Engaging in paid work is generally difficult for women in developing countries. Many women work unpaid in family businesses or on farms, are engaged in low-income self-employment activities, or work in low-paid wage employment. In some countries, vocational training or grants for starting a business have been effective policy tools for supporting women’s paid work. Mostly lacking, however, are job and business training programs that take into account how mothers’ employment affects child welfare. Access to free or subsidized public childcare can increase women’s labor force participation and improve children’s well-being.
Job training and wage subsidies encourage female paid employment in the formal sector.
Business training increases female labor force participation and raises the income of low-earning women already in business.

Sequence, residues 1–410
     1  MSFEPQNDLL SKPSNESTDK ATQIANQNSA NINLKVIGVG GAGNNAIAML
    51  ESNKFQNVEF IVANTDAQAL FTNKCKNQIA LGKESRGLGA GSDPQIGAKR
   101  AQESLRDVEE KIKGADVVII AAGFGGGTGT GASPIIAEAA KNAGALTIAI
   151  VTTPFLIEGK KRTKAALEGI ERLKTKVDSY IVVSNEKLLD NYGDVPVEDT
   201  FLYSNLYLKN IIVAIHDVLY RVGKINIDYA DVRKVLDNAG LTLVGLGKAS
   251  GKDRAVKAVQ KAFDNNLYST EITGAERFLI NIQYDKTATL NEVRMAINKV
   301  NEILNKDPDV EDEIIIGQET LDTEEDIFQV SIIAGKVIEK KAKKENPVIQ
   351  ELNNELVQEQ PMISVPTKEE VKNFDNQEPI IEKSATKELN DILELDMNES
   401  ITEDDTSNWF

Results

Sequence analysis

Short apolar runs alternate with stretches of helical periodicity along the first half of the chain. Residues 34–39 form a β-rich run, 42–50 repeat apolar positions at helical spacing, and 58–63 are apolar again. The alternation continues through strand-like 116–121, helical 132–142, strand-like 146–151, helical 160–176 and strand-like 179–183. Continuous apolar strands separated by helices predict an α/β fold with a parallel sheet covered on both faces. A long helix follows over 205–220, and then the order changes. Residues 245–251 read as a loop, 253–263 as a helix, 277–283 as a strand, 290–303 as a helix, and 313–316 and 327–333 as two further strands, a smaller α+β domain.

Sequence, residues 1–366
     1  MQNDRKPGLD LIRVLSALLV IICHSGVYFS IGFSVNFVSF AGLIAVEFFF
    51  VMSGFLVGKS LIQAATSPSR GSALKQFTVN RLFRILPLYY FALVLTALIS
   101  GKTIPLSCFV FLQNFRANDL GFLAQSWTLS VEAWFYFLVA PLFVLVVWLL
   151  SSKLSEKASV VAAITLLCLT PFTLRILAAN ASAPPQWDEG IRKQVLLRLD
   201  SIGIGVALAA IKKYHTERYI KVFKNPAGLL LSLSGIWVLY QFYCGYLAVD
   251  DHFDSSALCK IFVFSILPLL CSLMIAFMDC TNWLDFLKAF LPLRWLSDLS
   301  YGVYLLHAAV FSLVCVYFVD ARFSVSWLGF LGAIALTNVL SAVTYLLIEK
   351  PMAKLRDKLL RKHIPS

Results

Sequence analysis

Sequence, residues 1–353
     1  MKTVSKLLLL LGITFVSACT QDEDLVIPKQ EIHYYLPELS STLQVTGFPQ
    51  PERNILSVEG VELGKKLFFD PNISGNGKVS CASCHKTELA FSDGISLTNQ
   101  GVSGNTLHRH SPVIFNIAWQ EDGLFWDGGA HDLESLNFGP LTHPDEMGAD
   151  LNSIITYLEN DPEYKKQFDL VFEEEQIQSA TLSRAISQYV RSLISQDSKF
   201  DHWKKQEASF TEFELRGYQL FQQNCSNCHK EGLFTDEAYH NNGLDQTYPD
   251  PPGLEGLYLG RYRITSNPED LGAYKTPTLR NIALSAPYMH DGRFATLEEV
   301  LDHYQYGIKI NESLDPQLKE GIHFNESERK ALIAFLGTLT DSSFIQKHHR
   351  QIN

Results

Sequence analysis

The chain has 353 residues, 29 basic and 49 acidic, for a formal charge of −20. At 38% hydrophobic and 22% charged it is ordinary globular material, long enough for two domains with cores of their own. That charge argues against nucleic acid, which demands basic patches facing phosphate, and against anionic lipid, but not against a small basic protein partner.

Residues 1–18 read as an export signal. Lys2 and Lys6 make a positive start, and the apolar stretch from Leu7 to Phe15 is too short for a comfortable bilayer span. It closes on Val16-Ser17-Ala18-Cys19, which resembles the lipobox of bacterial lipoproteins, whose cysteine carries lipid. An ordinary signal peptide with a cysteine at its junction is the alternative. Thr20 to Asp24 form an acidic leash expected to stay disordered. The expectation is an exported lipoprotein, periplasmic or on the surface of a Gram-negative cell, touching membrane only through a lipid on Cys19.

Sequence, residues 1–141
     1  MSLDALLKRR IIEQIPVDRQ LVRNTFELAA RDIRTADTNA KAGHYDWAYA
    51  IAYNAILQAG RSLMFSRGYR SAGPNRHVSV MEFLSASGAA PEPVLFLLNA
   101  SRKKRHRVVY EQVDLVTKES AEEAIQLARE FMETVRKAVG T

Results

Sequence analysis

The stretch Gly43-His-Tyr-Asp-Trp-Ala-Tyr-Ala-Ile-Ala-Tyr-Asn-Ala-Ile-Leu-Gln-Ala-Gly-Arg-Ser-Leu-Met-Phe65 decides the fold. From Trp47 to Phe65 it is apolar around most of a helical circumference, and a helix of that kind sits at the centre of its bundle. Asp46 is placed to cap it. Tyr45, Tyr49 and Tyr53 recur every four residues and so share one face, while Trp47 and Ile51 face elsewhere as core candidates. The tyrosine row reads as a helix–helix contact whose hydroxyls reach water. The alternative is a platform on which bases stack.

In low-income households, access to free or subsidized public childcare increases women’s labor force participation.
Child health and nutrition may improve with female paid employment if the money spent on children rises.
Female paid employment improves child schooling.
The positive effects of training and wage subsidies tend to disappear after one or two years.
Business training increases profitability only in the short term and is only effective in starting subsistence businesses.
The effects of childcare programs on female labor supply are not clear.
When women work, children’s well-being can decline, since mothers have less time for childcare.
Women in poorer households are more likely to work, but their labor income is not enough to increase school attendance of children.